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Incoporating satellite imagery in bushfire prevention

An image showing a map of Australia coloured to show fuel moisture content, based on a legend showing a fuel moisture content gradient from red (less than 50%) to green (more than 150%).

The Fuel Moisture Content of Australia on the 28th of July 2013.

Collaborative work between researchers from The Australian National University and NCI is leading to new understandings about bushfires and bushfire prevention.

Dr Marta Yebra from the Bushfires and Natural Hazards Collaborative Research Centre is using satellite images to understand the fire fuel present in the environment. With optical data from NASA’s MODIS satellite, Dr Yebra can know the moisture content of vegetation in the entire country and how it might react to a bushfire.

Her work is being developed in partnership with various state environmental and land management agencies. The aim for the end of the research is to release to the agencies a complete product, accessible online, that lets them understand the fire risk situation at a local level.

“The idea,” says Dr Yebra, “would be to provide this product to the land managers to plan prescribed burning for example, as a tool for fire risk mitigation.” The data provides a resolution of 500 metres nationwide, which gives a useful overview of vegetation conditions before, during and after a fire.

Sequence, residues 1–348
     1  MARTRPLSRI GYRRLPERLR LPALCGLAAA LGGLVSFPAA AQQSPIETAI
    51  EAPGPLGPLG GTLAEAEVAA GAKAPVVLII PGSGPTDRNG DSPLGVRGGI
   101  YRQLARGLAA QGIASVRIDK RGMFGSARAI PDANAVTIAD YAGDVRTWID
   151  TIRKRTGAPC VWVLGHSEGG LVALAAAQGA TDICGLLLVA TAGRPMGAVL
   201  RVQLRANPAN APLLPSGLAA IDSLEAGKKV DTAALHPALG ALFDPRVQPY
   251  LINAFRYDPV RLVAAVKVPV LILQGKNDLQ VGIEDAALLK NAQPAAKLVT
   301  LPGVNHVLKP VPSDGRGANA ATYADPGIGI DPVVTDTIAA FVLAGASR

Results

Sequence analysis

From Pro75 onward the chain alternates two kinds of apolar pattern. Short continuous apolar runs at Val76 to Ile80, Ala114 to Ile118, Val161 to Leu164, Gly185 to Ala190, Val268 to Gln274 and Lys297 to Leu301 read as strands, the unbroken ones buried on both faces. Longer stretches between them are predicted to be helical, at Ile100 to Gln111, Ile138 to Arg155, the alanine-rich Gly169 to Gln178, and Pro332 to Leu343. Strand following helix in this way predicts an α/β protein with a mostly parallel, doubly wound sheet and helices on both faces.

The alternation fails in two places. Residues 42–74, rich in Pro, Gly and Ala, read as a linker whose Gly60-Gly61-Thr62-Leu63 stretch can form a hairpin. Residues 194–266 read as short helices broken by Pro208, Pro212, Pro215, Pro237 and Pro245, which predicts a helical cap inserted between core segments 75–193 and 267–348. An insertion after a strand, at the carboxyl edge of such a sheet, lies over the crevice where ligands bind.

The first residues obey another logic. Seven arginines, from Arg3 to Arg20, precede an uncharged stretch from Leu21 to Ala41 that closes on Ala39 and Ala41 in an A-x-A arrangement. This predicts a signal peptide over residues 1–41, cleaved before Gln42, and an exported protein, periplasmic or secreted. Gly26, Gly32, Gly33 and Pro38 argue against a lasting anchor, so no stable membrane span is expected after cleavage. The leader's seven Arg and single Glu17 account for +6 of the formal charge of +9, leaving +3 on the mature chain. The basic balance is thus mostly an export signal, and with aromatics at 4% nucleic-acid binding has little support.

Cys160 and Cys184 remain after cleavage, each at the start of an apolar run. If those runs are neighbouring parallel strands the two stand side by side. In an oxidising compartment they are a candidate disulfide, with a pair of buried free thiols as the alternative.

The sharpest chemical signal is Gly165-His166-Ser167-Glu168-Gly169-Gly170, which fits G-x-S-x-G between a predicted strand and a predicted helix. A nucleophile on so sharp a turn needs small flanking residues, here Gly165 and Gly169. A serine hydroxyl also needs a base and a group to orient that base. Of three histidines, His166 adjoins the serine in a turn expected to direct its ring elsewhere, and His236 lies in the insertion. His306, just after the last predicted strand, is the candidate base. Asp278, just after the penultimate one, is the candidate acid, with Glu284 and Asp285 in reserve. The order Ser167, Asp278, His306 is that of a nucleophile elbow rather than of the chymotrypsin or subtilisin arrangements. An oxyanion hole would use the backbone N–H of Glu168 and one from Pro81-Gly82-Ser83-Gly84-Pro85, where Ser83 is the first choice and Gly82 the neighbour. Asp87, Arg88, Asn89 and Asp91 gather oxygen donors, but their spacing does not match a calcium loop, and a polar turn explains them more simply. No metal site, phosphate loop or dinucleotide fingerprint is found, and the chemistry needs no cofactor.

Typically, running the algorithms to understand the vegetation is what takes a large part of a researcher’s time. Originally, the algorithms required to get this detail from the data took 3 hours to run, but following optimisation done by NCI expert staff, the same algorithms now take only 10 minutes. Because 18 repeats of the calculations are required to cover the whole country, and a new complete data set needs to be analysed every 8 days, the huge increase in speed has made a tremendous difference to the research.

Now, Dr Yebra is hoping that the improved knowledge of vegetation moisture will be used for fire danger predictions. She says “The main benefit would be to get this into the new fire danger rating system which is under development. The system right now is very empirical and remains largely unchanged since its development in the 60s. The intention of a new system would be to incorporate contemporary science that more accurately predicts bushfire risk and is physically based. Our satellite-based product will provide essential information about vegetation condition.”

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